Book Review - Five Stars
City of the Century: The Epic of Chicago and the Making of America
by Donald L. Miller
A classic book worthy of more then five stars. It is extensively researched and magnificently edited. Miller tells this awesome story of American propulsion in the first century of the Industrial Revolution where explosive expansion set a standard that would be a tough act to follow.
I absolutely loved It!
“A terrible calamity is impending over the city of Chicago! More I cannot say; more I dare not utter.” The following night, around nine o’clock, a fire broke out on the West Side of the city in the cow barn of Mrs. Patrick O’Leary. Aided by strong winds off the prairie, it turned into a one-and-a-half-day holocaust that consumed the entire core of the city of some 300,000 people, leaving 90,000 homeless and nearly 300 dead. It was the greatest natural disaster up to that time in American history. Frederick Law Olmsted, sent by The Nation to the stricken city, reported that many of those caught in the inferno thought they were witnessing “the burning of the world.”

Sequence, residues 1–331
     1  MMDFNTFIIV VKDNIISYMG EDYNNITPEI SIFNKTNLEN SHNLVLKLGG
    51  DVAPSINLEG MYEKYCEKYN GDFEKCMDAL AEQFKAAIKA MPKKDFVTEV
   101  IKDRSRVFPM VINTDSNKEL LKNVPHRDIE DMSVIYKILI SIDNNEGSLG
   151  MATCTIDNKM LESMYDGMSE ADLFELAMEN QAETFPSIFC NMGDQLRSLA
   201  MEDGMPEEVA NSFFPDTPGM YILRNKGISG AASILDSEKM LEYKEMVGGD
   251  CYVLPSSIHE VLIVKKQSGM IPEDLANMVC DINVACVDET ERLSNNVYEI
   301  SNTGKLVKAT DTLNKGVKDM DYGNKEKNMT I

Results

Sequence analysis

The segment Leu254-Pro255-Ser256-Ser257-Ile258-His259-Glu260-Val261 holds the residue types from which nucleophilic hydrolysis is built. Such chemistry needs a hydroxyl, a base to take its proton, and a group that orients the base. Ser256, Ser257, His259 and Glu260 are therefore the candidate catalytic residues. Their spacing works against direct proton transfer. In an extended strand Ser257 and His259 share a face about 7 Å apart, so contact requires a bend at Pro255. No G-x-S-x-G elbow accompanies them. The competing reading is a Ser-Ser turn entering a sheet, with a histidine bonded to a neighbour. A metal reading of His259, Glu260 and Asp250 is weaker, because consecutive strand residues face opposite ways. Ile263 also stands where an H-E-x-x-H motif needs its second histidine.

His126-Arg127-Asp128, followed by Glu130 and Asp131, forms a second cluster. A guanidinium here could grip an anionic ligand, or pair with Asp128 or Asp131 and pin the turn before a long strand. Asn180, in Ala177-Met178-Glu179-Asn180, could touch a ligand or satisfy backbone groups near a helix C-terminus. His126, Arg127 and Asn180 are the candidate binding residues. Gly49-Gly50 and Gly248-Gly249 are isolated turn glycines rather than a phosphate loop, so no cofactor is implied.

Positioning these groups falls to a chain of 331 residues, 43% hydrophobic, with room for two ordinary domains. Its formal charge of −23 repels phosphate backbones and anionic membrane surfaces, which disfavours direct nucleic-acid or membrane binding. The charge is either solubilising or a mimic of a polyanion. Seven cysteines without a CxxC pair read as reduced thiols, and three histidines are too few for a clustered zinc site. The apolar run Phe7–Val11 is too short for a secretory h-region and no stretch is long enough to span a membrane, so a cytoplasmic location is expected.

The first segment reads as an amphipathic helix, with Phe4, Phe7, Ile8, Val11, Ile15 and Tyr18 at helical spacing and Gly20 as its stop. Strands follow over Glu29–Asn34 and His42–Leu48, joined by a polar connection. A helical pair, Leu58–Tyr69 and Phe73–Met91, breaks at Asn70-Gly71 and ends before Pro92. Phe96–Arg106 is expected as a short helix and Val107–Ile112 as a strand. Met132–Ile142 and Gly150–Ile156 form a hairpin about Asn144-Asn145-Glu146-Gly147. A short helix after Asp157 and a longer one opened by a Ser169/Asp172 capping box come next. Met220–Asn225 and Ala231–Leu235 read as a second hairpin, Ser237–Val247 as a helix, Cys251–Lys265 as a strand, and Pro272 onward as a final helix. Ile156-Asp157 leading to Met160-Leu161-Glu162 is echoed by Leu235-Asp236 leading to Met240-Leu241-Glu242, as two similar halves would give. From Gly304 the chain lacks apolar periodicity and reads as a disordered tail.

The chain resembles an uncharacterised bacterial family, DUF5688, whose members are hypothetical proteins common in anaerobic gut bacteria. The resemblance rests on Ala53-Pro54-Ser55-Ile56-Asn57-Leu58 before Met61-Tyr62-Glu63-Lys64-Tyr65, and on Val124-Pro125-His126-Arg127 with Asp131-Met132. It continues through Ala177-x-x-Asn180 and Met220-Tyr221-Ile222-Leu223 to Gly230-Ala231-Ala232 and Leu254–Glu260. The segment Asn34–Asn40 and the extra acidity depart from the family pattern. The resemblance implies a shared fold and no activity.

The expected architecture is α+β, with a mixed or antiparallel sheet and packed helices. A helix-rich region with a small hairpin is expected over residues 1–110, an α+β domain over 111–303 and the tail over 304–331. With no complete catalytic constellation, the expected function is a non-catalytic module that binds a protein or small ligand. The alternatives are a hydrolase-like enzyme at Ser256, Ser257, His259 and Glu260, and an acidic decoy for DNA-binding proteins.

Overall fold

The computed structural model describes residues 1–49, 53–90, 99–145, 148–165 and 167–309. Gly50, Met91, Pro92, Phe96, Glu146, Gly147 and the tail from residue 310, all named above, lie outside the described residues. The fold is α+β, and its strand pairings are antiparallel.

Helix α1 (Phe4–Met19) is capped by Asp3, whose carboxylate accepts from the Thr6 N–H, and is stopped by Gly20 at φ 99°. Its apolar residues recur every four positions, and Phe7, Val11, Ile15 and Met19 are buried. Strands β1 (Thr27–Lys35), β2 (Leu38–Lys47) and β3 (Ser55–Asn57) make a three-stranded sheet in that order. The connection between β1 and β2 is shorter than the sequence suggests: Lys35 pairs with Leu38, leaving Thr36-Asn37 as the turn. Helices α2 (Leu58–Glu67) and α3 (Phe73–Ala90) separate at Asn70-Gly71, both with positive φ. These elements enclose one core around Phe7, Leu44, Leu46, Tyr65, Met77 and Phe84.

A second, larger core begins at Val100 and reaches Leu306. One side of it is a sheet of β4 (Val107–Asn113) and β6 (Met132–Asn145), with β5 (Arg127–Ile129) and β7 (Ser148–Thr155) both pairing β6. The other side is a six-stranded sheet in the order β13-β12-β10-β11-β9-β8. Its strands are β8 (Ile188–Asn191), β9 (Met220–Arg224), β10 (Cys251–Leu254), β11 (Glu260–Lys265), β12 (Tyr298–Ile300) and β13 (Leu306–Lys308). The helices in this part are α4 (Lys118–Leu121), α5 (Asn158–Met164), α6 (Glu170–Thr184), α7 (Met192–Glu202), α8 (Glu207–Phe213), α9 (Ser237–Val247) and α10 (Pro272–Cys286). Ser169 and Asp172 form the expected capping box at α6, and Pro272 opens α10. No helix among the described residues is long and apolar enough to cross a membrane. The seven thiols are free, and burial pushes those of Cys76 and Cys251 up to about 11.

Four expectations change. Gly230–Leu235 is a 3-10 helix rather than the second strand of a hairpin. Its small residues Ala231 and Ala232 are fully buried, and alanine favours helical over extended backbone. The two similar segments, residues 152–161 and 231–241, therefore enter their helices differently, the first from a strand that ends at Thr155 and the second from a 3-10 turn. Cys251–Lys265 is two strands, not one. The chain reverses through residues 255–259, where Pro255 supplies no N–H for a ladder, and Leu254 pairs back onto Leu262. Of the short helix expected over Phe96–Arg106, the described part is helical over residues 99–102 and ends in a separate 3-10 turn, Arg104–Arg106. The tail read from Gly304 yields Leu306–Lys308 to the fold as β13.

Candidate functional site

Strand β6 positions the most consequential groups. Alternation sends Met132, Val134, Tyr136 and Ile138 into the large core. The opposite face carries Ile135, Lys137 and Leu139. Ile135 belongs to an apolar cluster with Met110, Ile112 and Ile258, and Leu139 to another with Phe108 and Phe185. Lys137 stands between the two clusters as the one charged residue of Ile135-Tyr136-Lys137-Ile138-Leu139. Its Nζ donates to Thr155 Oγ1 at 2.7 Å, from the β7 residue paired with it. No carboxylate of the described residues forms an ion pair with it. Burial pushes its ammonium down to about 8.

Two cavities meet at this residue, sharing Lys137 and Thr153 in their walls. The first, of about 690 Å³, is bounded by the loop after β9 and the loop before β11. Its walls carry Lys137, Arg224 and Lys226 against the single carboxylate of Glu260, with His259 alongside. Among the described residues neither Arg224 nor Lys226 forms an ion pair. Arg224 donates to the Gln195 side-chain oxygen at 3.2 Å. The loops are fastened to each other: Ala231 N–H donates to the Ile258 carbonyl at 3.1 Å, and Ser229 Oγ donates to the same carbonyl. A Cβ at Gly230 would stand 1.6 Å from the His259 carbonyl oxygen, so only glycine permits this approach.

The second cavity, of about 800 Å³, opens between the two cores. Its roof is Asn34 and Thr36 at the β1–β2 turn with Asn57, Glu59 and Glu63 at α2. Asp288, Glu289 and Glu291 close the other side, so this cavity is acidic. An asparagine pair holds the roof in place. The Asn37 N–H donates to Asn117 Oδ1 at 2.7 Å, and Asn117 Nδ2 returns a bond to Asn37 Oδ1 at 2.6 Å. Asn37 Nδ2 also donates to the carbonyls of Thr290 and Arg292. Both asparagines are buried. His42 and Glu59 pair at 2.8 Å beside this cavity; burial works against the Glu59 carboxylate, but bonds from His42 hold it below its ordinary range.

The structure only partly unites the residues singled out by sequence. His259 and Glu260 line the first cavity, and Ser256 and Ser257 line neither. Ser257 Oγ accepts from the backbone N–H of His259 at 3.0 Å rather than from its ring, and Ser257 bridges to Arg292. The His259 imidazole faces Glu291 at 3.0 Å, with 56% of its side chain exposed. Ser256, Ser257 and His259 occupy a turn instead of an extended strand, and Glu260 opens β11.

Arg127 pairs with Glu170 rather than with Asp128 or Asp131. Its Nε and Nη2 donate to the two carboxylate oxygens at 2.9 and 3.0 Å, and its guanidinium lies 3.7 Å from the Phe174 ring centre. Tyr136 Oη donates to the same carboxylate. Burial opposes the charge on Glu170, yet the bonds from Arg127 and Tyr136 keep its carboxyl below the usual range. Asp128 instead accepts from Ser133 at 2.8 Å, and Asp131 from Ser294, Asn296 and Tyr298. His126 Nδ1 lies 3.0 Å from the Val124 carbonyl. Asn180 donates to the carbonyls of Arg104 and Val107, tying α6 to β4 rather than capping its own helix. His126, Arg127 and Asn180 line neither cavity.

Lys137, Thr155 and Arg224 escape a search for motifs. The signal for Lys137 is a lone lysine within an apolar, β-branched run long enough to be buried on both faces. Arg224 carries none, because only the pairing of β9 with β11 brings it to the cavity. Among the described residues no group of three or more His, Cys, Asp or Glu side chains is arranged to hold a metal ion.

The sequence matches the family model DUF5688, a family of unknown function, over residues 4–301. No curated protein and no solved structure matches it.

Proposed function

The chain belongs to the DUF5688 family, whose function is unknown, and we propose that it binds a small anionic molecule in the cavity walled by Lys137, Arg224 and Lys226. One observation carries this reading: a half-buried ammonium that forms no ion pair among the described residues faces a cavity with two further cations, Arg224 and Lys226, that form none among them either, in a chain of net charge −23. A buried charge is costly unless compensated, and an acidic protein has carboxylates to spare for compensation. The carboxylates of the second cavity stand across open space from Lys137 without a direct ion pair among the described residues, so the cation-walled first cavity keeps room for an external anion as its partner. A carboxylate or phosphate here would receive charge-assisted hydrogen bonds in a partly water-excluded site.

The morning after the fire, fear gave way to disbelief. Everything was gone.
But more amazing than the destruction was the recovery. The rebuilding began while the ground was still warm in the burned district, and within week after the fire more than five thousand temporary structures had been erected and two hundred permanent buildings were under construction.
1893, when the city held the World’s Colombian Exposition to celebrate—one year late—the four hundredth anniversary of Columbus’s discovery of the New World, Chicago had the busiest and most modern downtown in the country, with a dozen and more of the highest buildings ever constructed. Chicago would never become as big or as consequential as New York, its greatest rival, but it had made good its boast as the city that could accomplish almost anything.
The epic of Chicago is the story of the emergence of modern America. Child of the age of steam, electricity, and international exchange, Chicago “[is] the very embodiment of the world-conquering spirit of the age,” an English writer observed in 1893.